But sin is not imputed, etc. Without the law reproving us, we in a manner sleep in our sins; and though we are not ignorant that we do evil, we yet suppress as much as we can the knowledge of evil offered to us, at least we obliterate it by quickly forgetting it. While the law reproves and chides us, it awakens us as it were by its stimulating power, that we may return to the consideration of God’s judgment…

    That offense might abound, etc. It is well known how some, following Augustine, usually explain this passage, — that lust is irritated the more, while it is checked by the restraints of the law; for it is man’s nature to strive for what is forbidden. But I understand no other increase to be intended here than that of knowledge and of obstinacy; for sin is set by the law before the eyes of man, that he may be continually forced to see that condemnation is prepared for him. Thus sin disturbs the conscience, which, when cast behind them, men forget. And farther, he who before only passed over the bounds of justice, becomes now, when the law is introduced, a despiser of God’s authority, since the will of God is made known to him, which he now wantonly tramples under feet. It hence follows, that sin is increased by the law, since now the authority of the lawgiver is despised and his majesty degraded.

    — Calv Comm Rom 5

    and again

    Now, what is the import of the phrase, because of transgressions? It agrees with the saying of philosophers, that “The law was made for restraining evil-doers,” and with the old proverb, “From bad manners have sprung good laws.” But Paul’s meaning is more extensive than the words may seem to convey. He means that the law was published in order to make known transgressions, and in this way to compel men to acknowledge their guilt. As men naturally are too ready to excuse themselves, so, until they are roused by the law, their consciences are asleep.

    — Calv Comm Gal 3

    Now, Calvin doesn’t spend time on clarifying why the “knowledge” interpretation is to be preferred to the “irritation” interpretation.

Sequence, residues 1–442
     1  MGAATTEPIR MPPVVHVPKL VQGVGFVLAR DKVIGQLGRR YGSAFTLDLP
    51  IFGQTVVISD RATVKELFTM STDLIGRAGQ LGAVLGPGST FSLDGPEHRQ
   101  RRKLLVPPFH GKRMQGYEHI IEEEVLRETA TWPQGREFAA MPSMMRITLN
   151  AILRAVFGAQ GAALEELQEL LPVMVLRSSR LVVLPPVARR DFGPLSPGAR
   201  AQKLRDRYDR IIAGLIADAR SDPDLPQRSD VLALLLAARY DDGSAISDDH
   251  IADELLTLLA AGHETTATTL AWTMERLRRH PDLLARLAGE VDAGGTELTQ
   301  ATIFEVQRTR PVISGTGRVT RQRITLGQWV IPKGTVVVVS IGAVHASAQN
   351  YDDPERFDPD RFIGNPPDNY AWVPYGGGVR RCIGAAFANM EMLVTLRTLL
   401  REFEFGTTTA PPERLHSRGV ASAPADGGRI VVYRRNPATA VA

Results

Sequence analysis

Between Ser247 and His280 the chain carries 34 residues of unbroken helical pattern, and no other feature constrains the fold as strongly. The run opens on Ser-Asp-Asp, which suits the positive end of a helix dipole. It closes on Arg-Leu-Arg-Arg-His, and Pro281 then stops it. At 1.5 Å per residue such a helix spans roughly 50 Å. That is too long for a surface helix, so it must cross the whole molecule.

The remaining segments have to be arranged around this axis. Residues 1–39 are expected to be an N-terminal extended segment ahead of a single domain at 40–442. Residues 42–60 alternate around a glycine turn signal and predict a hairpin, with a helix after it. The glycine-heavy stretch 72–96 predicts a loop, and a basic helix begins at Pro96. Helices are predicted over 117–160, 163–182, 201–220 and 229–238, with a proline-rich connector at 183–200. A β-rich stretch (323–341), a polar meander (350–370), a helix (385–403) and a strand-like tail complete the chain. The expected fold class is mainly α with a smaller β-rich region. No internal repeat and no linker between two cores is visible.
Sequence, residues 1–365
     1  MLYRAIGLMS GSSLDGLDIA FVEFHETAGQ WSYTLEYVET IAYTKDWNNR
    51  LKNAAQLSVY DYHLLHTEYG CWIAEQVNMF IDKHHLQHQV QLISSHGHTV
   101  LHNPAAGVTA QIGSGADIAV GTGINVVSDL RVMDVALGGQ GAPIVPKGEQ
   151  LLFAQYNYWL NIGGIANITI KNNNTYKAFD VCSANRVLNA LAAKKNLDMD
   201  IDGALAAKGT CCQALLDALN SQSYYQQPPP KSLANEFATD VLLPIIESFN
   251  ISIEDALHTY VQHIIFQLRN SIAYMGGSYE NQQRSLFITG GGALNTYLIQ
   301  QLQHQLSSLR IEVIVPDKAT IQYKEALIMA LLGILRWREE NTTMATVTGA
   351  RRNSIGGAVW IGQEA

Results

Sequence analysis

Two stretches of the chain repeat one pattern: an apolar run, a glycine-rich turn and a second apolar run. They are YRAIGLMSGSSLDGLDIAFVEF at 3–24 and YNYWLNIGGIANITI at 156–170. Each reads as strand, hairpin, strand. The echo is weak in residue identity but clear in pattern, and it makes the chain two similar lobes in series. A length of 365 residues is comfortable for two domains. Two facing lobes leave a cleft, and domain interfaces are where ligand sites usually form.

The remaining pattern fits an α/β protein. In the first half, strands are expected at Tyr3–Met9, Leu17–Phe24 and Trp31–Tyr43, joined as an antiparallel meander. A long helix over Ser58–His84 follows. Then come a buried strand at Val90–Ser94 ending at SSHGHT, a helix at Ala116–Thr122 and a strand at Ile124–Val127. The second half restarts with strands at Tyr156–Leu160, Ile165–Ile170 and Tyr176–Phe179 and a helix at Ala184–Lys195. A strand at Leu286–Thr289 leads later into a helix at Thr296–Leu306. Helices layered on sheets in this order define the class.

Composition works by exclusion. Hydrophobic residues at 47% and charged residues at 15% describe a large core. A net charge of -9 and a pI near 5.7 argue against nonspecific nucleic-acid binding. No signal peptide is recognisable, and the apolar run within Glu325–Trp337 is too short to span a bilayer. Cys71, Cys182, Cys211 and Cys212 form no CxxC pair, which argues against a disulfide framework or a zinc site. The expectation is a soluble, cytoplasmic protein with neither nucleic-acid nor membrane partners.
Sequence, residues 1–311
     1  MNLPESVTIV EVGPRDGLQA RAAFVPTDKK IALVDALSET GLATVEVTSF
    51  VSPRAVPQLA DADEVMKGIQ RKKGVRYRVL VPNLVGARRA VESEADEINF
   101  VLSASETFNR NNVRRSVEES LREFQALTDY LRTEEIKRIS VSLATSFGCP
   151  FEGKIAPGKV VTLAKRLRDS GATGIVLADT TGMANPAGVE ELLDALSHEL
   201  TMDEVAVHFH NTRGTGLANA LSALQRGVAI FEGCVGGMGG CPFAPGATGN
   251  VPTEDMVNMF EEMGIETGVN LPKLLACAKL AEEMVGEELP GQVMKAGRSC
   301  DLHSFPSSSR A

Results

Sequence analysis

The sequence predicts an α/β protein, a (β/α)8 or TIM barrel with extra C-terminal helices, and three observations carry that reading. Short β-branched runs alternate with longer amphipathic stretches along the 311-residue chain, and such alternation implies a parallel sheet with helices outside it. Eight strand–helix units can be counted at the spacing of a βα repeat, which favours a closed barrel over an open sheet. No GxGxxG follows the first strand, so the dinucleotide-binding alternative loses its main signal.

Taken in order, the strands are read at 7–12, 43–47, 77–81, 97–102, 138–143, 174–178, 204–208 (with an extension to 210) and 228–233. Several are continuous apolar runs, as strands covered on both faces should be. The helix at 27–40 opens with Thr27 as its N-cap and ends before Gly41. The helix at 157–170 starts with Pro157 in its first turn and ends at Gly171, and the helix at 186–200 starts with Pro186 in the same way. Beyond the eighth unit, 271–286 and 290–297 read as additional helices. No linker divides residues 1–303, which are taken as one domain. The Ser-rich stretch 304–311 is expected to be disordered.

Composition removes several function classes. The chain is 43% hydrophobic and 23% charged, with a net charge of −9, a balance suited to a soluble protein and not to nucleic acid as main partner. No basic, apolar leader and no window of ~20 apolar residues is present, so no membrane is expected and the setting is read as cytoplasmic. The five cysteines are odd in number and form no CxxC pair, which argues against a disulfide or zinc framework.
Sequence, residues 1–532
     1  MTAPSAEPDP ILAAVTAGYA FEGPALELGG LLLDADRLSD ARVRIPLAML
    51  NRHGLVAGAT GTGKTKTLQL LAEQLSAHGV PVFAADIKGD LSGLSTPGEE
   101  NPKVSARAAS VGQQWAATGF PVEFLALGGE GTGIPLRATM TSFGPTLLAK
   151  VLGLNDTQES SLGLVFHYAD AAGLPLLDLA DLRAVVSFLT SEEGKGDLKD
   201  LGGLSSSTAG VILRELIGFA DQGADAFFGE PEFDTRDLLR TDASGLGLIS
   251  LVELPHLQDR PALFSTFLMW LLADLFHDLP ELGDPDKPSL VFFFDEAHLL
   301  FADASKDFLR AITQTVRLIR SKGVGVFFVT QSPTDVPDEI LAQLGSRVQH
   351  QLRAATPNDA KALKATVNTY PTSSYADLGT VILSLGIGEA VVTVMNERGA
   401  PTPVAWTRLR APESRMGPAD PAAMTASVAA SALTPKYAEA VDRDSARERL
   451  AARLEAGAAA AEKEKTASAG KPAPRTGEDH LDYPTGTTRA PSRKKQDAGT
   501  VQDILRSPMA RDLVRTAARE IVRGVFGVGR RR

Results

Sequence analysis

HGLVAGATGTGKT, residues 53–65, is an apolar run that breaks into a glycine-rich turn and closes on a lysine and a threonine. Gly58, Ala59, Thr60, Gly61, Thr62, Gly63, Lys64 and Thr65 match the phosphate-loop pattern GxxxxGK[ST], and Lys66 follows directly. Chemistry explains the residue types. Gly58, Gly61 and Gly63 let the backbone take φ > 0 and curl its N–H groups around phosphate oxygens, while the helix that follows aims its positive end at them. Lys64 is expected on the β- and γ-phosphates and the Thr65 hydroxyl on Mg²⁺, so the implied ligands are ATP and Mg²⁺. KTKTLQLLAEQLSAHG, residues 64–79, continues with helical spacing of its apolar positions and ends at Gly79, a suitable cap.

But the dots are not hard to connect by asking this question: Why would God wish to deliberately increase the amount of sin?

    It makes some sense if, for His greater glory, that God ordained a savior to come; whence it was necessary to decree that Adam would fall.

    It is hard to see the sense of introducing an element, the law, that would make those who are sinners into even greater sinners. To what end?

    And it is harder still to see how the law, if its end is to actually cause people to sin, is actually good.

    Now the tricky passage here is Romans 7, and I might have thought you would go there:

    7 What then shall we say? That the law is sin? By no means! Yet if it had not been for the law, I would not have known sin. For I would not have known what it is to covet if the law had not said, “You shall not covet.” 8 But sin, seizing an opportunity through the commandment, produced in me all kinds of covetousness. For apart from the law, sin lies dead. 9 I was once alive apart from the law, but when the commandment came, sin came alive and I died. 10 The very commandment that promised life proved to be death to me. 11 For sin, seizing an opportunity through the commandment, deceived me and through it killed me. 12 So the law is holy, and the commandment is holy and righteous and good.

    13 Did that which is good, then, bring death to me? By no means! It was sin, producing death in me through what is good, in order that sin might be shown to be sin, and through the commandment might become sinful beyond measure.

    — Rom 7

    We see two thoughts: That through the law comes knowledge of sin; and that through the law, “sin comes alive and I died.” In what sense does sin come alive?

    Perhaps one natural reading is to think that this means that sin becomes more active, that sin actually increases in that person, thinking especially of v 8. But Paul stops short of saying this. If this were his meaning, then the sentence “For apart from law, sin lies dead” would have to mean that “without law, people do not sin.” And of course, this is false.

    Instead, we must connect the whole thread of reasoning:

    Law brings knowledge of sin =>
    Sin takes advantage through the command =>
    And brings death.

    What the law does, then, is to bring death by bringing knowledge of what sin is and what it entails. Thus, the coming of the law produces (e.g.) all kinds of covetousness, not because the law stimulates covetousness in the Paul, but because the law clarifies what covetousness is already present in the sin nature.

    The alternative reading, that law by itself produces sin, would make the law not holy and righteous and good.


  7. Jeff- In some ways, I feel that we have happily stumbled upon a central point of exegesis that bears on your one-kingdom critique of 2K.

    mcmark–Dear Jeff, I was hoping that we agree that Tuninga is wrong to think that more law is more justice.. I do credit you for knowing that “my one-kingdom” critique is not the same as that of the critique of those who presume to rule in Munster or in Geneva (or in Grand Rapids or the Netherlands). I know that there are two kingdoms, but I think Christians should refuse Satan’s offer to participate in the second. (Remind me, Jeff, you are two kingdom, correct? of the DVD persuasion if not DGH?)

    jeff–the thesis that law by itself produces sin,

    mcmark–NOT MY THESIS